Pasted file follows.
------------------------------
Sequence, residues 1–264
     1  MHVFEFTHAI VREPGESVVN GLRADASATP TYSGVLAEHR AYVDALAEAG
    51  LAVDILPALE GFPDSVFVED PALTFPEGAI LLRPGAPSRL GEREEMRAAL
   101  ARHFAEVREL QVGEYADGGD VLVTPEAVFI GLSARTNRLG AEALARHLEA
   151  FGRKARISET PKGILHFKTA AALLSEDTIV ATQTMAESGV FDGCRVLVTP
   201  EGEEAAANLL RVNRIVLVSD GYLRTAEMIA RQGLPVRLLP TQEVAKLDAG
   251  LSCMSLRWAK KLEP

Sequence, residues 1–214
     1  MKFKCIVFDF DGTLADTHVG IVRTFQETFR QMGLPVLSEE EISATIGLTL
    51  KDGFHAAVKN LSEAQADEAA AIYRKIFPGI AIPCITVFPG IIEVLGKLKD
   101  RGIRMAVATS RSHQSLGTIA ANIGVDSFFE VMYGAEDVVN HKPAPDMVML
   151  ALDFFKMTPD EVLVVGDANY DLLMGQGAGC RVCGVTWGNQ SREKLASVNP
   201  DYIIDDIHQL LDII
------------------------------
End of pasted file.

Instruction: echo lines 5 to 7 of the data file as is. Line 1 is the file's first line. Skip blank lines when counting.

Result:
   151  FGRKARISET PKGILHFKTA AALLSEDTIV ATQTMAESGV FDGCRVLVTP
   201  EGEEAAANLL RVNRIVLVSD GYLRTAEMIA RQGLPVRLLP TQEVAKLDAG
   251  LSCMSLRWAK KLEP